Even the Britons suffer in this tale of woe, a tale which muddles history somewhat. It might be thought that the ‘Celts’ saved all the inhabitants from Land’s End to the Shetland Islands, but Britain in the 7th century consisted only of what would become England and Wales, so in ‘saving Britain’ the Irish contribution to the conversion of the Picts and the foundation of Scotland is completely ignored. And even then, the Welsh, who called themselves British, didn’t need saving, they were already well versed in Latin learning, having been part of the Roman Empire. So the people of whom the programme is really talking about were the inhabitants of what we know as England, who were pagan invaders from mainland Europe. It might then be argued that a more accurate title for the documentary might be ‘How the Ancient Irish preserved Latin learning and re-introduced it to England after the Anglo-Saxon invasion, and from there, into Europe’. Admittedly it is less catchy, but more accurate.

How stupid are you?

Aside from various historical and conceptual inaccuracies in the documentary, which may be tolerably forgiven due to the vast time-periods under discussiSaint Patrickon, and the desire to simplify complex ideas (an arrogance of TV documentaries believing the public to be incapable of elaborate musings), there are several grossly fallacious statements made about Saint Patrick and the conversion of the Irish. Firstly, contrary to what is espoused in the programme, there were already Christians in Ireland, so many in fact that the Pope dispatched a bishop to administer to them long before Patrick appeared on the scene. Secondly, there was no High-King of Tara in this period, so Patrick could not have converted him. Thirdly, the use of hagiography as historical fact is blindingly deficient.

But the one that wins the prize for “most stupid ‘fact’ ever proclaimed in a documentary” is that Patrick was so successful in converting the Irish due to the fact that they were a spiritual people who venerated the sun, and Patrick simply convinced them to worship the Son. … And the presenter agrees with this revelation as offered by a Catholic priest. … This is utterly ridiculous. Not only is it grotesque to suggest that the Irish were swayed from a sophisticated polytheism layered with revenge and sex to a Jewish death cult by the simple replacing of a ‘u’ with an ‘o’, but it beggars belief to imply that they would comprehend such wordplay. They didn’t speak English. No one did. It hadn’t been invented yet. The ignorance embedded in such a thought is mind-numbing. Slapping a cat in an effort to assuage your fears of an impending financial apocalypse makes more sense. The Irish spoke Irish, and Patrick spoke Latin and probably learned Irish during his enslavement, and you can’t turn grian (‘sun’ in Irish) into filius (‘son’ in Latin) by any stretch of the imagination. How was such a comment allowed to air; did the presenter not see through the fallacy, or the researchers, editor, or numerous other people involved in the production? That such a statement was uttered is bad enough, but that nobody bothered to say “hang on, that’s just daft” is astonishing…

Yes there should be more documentaries professing the tremendous contribution the Irish made to Great Britain and the Continent, and, equally, vice versa. The ancient and medieval Irish did not exist in a vacuum, and neither did anyone else. The quality of the research, and of the contributors, must be improved, otherwise the popular perception of the history of these islands will be distorted beyond all reason, and the factual history will be lost. And someone should be employed to slap cretins who make profoundly ignorant comments, and those who nod along acceptingly, believing themselves to be great impartors of knowledge, should be reminded that they are there to question the veracity of such statements, possibly also with a slap.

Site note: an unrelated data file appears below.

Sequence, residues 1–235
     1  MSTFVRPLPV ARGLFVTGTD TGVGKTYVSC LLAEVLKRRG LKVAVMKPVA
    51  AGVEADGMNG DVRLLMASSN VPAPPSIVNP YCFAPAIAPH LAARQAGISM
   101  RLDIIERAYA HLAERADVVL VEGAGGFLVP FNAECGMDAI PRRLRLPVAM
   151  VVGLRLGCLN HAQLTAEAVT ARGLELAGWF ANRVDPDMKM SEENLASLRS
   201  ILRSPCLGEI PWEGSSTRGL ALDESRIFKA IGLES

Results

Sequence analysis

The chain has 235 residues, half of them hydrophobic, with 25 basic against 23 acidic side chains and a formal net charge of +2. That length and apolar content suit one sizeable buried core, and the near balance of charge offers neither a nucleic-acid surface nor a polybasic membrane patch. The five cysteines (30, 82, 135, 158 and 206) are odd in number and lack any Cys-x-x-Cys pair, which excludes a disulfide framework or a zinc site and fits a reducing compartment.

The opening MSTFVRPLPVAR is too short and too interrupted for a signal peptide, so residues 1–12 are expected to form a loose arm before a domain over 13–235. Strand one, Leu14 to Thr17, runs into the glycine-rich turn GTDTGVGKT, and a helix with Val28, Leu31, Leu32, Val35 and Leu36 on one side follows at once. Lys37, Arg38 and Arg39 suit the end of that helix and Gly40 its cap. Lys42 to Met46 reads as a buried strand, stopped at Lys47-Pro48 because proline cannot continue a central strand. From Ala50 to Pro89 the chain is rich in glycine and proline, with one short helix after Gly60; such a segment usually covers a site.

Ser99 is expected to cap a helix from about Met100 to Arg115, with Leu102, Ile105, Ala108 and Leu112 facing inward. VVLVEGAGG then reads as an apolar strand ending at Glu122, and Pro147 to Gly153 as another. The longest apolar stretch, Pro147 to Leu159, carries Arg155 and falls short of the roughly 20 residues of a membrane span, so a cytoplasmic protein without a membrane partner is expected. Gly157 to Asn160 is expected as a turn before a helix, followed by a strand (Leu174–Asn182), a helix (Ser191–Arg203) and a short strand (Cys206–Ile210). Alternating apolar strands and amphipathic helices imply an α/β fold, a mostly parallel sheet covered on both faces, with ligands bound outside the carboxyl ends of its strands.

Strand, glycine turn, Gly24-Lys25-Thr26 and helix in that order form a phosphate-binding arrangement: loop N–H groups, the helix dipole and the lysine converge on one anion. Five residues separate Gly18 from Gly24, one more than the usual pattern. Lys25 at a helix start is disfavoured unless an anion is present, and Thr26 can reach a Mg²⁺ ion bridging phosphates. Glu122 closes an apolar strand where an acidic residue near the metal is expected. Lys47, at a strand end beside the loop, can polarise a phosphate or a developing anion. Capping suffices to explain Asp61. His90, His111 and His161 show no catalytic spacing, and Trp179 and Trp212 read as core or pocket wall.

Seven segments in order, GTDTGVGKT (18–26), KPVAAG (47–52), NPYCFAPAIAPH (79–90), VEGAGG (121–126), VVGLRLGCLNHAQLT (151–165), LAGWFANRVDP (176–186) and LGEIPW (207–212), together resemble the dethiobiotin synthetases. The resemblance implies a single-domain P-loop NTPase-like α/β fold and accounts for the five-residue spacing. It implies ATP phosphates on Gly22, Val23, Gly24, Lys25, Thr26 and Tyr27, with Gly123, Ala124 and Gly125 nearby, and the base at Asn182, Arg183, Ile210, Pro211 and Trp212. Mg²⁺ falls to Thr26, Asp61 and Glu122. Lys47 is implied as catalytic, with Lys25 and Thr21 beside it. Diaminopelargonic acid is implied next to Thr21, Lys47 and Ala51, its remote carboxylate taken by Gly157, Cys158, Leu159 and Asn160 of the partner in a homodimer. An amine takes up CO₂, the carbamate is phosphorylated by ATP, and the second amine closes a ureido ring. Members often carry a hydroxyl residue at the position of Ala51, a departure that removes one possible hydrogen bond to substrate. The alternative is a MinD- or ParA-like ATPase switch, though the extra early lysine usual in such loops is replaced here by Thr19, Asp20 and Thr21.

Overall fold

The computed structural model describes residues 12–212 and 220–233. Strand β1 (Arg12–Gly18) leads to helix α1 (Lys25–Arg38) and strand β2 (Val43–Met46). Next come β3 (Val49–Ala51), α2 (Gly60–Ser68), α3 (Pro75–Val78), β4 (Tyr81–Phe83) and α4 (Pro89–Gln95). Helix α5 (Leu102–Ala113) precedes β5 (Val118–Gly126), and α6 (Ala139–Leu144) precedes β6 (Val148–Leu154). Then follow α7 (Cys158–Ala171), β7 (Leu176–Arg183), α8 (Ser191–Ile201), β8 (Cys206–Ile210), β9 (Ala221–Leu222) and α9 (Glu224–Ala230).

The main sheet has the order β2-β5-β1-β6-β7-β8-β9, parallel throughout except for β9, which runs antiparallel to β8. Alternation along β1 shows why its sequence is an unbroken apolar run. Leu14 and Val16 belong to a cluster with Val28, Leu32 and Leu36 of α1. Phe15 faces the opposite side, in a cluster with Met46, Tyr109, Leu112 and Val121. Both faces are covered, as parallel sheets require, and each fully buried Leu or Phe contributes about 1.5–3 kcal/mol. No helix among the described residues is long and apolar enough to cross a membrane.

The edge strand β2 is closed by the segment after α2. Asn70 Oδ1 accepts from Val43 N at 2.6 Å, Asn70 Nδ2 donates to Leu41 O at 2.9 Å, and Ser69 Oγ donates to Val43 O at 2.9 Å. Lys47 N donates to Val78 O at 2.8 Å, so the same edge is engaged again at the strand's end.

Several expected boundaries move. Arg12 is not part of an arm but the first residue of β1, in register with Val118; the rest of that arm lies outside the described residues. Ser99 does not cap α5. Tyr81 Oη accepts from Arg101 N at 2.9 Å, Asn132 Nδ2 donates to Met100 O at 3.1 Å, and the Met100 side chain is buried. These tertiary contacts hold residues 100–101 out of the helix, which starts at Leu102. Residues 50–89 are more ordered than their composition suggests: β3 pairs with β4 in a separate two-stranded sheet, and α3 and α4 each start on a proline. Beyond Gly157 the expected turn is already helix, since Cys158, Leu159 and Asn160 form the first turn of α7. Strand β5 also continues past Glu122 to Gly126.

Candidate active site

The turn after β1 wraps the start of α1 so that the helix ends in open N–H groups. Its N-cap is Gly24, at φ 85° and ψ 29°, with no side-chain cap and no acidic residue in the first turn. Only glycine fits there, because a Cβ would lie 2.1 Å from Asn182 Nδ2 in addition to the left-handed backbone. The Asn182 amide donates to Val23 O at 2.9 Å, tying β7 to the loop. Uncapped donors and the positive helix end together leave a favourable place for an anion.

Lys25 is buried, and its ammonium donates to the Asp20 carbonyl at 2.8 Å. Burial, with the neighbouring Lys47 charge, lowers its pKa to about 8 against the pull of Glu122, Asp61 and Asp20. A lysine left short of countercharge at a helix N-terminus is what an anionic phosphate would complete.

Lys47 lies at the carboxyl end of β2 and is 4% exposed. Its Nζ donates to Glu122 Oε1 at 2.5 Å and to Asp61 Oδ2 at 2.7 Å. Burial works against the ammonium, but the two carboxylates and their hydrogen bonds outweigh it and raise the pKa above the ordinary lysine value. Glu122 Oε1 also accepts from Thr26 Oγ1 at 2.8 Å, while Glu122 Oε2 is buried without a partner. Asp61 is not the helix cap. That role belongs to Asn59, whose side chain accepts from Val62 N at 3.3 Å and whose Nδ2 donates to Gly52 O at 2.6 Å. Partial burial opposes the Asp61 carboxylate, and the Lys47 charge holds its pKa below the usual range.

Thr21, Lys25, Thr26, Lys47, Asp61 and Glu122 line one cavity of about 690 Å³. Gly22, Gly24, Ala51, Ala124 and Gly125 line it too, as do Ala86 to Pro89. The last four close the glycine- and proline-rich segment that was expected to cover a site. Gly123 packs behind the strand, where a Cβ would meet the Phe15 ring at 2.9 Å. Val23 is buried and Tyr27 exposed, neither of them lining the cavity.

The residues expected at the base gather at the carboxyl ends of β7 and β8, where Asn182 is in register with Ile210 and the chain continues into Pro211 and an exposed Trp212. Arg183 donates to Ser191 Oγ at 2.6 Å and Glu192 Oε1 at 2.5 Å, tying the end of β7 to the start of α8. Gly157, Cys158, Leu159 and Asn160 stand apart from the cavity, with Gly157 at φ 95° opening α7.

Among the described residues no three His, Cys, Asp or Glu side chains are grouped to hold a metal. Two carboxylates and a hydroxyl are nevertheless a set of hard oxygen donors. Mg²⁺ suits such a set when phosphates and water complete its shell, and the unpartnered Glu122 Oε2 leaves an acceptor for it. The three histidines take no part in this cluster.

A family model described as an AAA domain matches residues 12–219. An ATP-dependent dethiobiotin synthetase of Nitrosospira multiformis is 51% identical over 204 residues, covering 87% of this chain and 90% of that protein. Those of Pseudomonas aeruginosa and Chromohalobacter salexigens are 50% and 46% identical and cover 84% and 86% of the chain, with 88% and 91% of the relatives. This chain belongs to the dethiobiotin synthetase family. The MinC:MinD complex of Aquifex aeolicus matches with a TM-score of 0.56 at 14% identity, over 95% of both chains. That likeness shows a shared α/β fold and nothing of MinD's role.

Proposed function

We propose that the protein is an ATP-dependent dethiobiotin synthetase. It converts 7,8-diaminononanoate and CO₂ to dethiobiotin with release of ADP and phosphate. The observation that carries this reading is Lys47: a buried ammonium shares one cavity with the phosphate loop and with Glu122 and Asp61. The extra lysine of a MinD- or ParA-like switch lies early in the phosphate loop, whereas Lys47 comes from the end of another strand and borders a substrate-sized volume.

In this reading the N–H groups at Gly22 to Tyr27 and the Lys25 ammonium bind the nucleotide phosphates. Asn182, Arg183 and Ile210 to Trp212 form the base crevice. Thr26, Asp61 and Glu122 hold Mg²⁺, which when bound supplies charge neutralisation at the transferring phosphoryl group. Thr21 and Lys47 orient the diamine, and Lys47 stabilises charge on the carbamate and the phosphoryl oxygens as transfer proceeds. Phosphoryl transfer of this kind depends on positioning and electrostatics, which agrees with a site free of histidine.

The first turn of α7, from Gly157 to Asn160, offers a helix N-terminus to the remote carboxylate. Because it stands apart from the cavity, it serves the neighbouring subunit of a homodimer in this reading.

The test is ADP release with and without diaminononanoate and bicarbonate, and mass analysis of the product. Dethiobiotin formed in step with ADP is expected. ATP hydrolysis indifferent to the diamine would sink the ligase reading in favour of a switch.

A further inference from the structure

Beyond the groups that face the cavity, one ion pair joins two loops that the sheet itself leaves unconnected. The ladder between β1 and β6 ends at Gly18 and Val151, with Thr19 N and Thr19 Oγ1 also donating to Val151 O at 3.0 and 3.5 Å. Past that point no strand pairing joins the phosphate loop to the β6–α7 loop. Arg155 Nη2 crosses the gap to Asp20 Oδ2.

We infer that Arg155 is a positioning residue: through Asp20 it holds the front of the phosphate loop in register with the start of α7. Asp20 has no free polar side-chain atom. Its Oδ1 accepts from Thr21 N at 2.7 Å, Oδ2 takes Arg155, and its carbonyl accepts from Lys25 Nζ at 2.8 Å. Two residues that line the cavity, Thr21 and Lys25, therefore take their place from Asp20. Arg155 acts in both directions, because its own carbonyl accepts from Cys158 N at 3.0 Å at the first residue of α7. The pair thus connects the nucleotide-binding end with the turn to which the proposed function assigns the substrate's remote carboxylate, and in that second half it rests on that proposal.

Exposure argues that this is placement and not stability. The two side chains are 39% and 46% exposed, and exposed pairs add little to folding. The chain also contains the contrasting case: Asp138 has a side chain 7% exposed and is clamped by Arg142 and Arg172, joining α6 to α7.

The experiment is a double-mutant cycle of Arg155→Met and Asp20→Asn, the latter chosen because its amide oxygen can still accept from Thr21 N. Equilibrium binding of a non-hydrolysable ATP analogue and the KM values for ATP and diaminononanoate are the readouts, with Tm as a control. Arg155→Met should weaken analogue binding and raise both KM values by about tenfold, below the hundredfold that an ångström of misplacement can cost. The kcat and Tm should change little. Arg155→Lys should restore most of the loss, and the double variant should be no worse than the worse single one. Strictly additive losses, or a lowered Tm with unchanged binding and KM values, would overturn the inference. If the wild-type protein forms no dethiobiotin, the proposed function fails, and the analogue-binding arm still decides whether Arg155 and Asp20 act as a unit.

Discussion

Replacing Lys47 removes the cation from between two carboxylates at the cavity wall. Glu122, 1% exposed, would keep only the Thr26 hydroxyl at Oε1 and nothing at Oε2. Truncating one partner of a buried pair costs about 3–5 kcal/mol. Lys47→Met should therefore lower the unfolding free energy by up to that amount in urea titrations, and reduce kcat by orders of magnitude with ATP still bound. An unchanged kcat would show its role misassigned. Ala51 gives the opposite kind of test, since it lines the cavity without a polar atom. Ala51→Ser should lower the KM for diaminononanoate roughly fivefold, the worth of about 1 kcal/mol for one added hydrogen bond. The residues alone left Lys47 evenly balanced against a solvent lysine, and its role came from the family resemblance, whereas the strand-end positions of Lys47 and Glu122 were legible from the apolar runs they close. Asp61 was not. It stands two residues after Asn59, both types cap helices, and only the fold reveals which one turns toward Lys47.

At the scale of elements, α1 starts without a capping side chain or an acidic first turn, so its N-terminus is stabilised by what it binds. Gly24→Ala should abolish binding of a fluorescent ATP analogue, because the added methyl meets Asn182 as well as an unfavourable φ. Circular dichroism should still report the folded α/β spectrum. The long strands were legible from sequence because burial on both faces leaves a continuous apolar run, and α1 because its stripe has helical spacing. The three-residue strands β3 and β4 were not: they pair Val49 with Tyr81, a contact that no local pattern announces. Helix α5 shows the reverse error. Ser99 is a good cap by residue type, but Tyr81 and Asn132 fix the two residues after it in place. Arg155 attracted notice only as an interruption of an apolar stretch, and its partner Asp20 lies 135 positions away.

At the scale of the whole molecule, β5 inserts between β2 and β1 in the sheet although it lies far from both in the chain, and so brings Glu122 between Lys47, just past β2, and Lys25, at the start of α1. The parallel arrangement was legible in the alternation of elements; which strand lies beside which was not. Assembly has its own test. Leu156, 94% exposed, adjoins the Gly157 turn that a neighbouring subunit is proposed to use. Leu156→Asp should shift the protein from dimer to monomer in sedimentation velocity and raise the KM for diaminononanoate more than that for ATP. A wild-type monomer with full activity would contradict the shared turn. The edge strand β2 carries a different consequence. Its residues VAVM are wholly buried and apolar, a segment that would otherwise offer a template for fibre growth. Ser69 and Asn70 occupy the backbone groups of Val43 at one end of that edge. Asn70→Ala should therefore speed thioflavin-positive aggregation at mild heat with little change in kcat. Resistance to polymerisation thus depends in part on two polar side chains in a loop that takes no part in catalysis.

Celtic Christianity and the Cult of Nonsense.

There has been, in recent years, a growing trend in ‘Celtic’ themed products and beliefs in this nation perpetuated by streams of American tourists whose dollars we so desperately want. There are shops specialising in Celtic jewellery, candles and books, Celtic rituals, new-age Celtic pagans, books of Celtic names, and other such fanciful re-imaginings of fact to be found in every town, city, culture centre and airport in this little island. Most of this might be dismissed as harmless nonsense, a mildly irksome trend designed to capture tourist wealth, the source of a raised eyebrow, dismissive glance, or exasperated sigh by people who know better. There is, however, a particular undercurrent of ignorance and lies propagated by such popular ideologies. While I had been aware of such a thing, it had never angered me, until ‘Celtic Christianity’ received its fifteen minutes of fame early one morning on RTÉ Radio 1 on the Pat Kenny Show.[1] A certain individual[2] had written a new book arguing that Catholicism was essentially the first multinational corporate body. It wasn’t, simply because ‘nations’ did not exist until the 17th or 18th centuries, and corporate bodies were recognised in the pagan Roman Republic before Jesus was even born. Latin writers of Antiquity and the Middle Ages did often use the word natio to describe peoples and communities, but they did not mean ‘nation’ as we understand it today. He also stated that Ireland was home to a more pure and spiritual form of the faith called Celtic Christianity. The show received several texts and e-mails from people expressing surprise in this ‘fact’, and many were intrigued and appalled at the suppression of ‘our native faith’.